How to safely dispose of paint products

Disposing of unused paint and paint tins in an environmentally responsible way can be tricky, so we’ve come up with a few tips to help you safely dispose of these items.

Looking to dispose of your unwanted paint products?

If you have recently finished a paint project and are looking at how to dispose of your paint products such as paint tins and solvents, there are a couple of ways to do so in an environmentally sound way. There are many benefits to correctly disposing of paints products which will help to keep our waterways clean, divert from landfill and increase recovery of resources. 

Estimate before you buy

Before you go ahead and purchase your paint make sure you estimate how much you need first. This will help to minimise any leftover paint at the end of your project. If you do have any paint left, consider how you can use it for future projects. For example, will you need some paint for future touch-ups or maybe you could use it to upcycle old furniture or decorate some pots?

Paintback

Alternatively, Paintback is an initiative that diverts unwanted paint and paint packaging from ending up in landfill and our waterways. Currently there are more than 114 permanent collection sites across Australia. For more information on Paintback, their requirements and nearest site, check out their website.

Leftover paint

Sometimes you’ll have small amounts of paint leftover that won’t be quite enough to finish a new project. In this case, you can pour the paint on to some old newspapers, cloth or other absorbent material such as cardboard and then dispose of those products once the paint has dried.

Empty paint tins and materials

Make sure you check your local council’s preferences before deciding on how you will dispose of your paint products. Most empty paint tins can go in your normal garbage or recycle bins or be dropped off at a waste collection centre.

Bunnings team members at a paintback event

Paintback one-day drop off events in-store

Paintback will also be setting up one-day only drop off events at some Bunnings stores during 2019. Check your local Bunnings store page to find out if there’s an event near you. 

paint brush

Guides & Projects A–Z of painting terms Painting is the easiest way to transform your home. Knowing the terms associated with painting will help you get the right products and tools to give you professional results.

colour scheme

Guides & Projects Create a colour scheme for your home A new coat of paint can make a huge difference to your home. Colour Expert from Dulux to get some tips on how to choose the colour scheme that’s right for you.

paint

Guides & Projects How to upcycle almost anything with paint Rather than throwing out old household items, you can restore them with paint. It’s a quick, easy and affordable way to give anything from furniture to fences a new lease on life. However, because not everything is made from the same materials, it’s...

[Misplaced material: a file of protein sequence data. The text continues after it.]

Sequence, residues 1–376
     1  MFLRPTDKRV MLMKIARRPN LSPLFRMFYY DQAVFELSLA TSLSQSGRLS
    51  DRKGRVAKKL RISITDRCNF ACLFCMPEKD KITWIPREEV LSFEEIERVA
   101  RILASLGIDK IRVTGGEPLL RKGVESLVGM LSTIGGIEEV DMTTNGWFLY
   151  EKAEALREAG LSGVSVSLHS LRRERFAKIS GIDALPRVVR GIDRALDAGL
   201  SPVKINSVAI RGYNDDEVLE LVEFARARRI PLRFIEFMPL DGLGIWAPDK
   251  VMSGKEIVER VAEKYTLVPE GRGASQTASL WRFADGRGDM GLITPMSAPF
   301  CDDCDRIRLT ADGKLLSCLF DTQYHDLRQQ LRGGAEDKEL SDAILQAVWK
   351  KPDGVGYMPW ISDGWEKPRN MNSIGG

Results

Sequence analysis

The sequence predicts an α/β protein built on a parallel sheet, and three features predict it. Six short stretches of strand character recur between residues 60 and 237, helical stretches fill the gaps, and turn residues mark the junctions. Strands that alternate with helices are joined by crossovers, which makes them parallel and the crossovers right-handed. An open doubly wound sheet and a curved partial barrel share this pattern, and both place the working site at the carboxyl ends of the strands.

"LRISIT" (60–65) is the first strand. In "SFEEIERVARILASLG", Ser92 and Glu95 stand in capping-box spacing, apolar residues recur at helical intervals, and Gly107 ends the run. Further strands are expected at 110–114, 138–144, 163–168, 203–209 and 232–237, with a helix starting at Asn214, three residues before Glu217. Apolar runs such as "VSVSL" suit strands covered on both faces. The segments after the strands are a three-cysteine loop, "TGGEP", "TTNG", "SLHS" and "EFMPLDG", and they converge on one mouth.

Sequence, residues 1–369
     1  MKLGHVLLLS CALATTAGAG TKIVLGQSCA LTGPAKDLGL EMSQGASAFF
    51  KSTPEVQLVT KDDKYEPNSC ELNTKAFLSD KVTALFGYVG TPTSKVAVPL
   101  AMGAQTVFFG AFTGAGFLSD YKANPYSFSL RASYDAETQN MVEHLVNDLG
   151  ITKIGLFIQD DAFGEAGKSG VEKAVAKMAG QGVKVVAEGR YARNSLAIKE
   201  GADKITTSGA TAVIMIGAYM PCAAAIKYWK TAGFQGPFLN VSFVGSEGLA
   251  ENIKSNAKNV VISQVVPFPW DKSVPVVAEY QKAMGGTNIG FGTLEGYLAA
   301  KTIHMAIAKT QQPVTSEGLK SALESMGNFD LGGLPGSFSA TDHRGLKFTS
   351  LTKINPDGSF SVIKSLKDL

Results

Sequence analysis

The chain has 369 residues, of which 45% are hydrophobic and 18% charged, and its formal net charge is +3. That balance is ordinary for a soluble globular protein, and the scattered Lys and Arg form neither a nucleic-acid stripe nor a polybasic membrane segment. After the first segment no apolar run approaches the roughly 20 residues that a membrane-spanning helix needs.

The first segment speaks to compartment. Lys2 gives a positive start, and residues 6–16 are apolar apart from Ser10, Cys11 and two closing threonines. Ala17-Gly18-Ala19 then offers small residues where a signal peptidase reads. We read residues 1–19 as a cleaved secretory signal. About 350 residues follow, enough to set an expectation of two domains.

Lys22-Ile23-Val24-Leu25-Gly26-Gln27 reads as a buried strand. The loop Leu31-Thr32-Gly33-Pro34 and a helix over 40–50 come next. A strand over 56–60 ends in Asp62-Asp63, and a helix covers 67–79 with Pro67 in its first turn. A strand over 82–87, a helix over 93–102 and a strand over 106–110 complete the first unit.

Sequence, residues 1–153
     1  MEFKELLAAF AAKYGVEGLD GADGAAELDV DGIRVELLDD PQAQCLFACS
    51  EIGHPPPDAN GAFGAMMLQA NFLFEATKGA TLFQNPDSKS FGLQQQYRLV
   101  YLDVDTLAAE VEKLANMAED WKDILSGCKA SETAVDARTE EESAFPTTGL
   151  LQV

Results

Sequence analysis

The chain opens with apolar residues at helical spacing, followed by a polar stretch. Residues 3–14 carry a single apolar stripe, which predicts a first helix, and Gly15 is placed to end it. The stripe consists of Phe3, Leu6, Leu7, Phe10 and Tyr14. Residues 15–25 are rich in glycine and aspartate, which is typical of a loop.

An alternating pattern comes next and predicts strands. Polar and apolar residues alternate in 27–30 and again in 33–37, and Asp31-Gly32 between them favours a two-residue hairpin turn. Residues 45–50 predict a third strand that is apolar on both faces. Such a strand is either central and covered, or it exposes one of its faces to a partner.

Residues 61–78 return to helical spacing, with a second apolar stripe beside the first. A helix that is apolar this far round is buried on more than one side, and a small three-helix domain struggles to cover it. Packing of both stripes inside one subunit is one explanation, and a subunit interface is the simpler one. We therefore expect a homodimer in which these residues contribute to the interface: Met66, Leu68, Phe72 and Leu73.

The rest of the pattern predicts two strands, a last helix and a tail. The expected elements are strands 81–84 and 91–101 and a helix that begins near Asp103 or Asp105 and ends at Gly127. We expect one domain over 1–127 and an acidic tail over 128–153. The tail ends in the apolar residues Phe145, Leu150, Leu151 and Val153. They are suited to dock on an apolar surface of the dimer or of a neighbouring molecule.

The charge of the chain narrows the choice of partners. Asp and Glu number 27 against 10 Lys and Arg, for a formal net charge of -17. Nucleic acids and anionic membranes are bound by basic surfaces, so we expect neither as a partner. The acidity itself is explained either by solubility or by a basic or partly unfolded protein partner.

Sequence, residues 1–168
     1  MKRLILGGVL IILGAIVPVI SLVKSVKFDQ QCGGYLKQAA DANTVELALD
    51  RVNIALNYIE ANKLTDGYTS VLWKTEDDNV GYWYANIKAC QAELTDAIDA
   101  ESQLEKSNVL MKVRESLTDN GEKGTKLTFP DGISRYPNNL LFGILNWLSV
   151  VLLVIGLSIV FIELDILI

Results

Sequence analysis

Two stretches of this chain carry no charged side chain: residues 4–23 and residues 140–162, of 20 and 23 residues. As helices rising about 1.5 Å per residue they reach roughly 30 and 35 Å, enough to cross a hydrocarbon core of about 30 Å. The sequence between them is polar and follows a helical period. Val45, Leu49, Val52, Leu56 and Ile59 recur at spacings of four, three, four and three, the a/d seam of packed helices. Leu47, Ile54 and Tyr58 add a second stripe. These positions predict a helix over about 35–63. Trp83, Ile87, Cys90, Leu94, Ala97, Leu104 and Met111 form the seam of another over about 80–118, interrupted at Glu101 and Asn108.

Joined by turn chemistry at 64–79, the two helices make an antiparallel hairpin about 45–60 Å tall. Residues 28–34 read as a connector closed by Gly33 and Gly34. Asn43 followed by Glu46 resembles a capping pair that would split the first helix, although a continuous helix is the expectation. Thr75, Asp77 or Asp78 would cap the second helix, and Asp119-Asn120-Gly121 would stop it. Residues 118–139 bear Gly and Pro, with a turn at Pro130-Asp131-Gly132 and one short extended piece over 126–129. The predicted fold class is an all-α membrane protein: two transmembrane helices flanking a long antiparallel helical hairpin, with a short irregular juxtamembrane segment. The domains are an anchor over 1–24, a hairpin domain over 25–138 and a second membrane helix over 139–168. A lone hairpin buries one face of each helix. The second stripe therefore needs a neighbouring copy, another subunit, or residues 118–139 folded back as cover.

interior paint

Preparation How to choose a paint colour for your indoors A new colour on your walls can transform your indoor spaces. However, there are loads of popular colours to choose from. Andrea from Dulux provides some tips on how to get the right colour for you.

paint brushes 02:03

Preparation How to choose paint brushes and rollers In this video, Bron from Bunnings Warehouse describes the different types of paint brushes available.

How to choose white paint

Preparation How to choose white paint With dozens of white shades on the market, here's a few tips on how to choose the white that’s right for you.

Person mixing the paint in a bucket 02:35

How To Paint How to paint Preparation is the key to successfully painting a room. We’ll show you all the things you need to do before you get started.

Person giving the door an undercoat 02:16

How To Paint How to paint a door It’s easy to freshen up your doors with a new coat of paint. We’ll even give you some tips on how to make sure you end up with a great finish.

Health & Safety

Please make sure you use all equipment appropriately and safely when following the advice in these D.I.Y. videos. You need to be familiar with how to use equipment safely and follow the instructions that came with the equipment. If you are unsure, you may feel it is safest to consult an expert, such as the manufacturer or an expert Bunnings Team Member.

Grave health hazards are linked to asbestos, which may be in homes built up to 1990. Health hazards may result from exposure to lead-based paints in older materials and copper chromium arsenic (CCA) treated timber. For information on the dangers of asbestos, lead-based paint and CCA treated timber and tips for dealing with these materials contact your local council's Environmental Health Officer or visit our Health & Safety page. You can also use a simple test kit from Bunnings to indicate the presence of lead-based paint.
Top of the content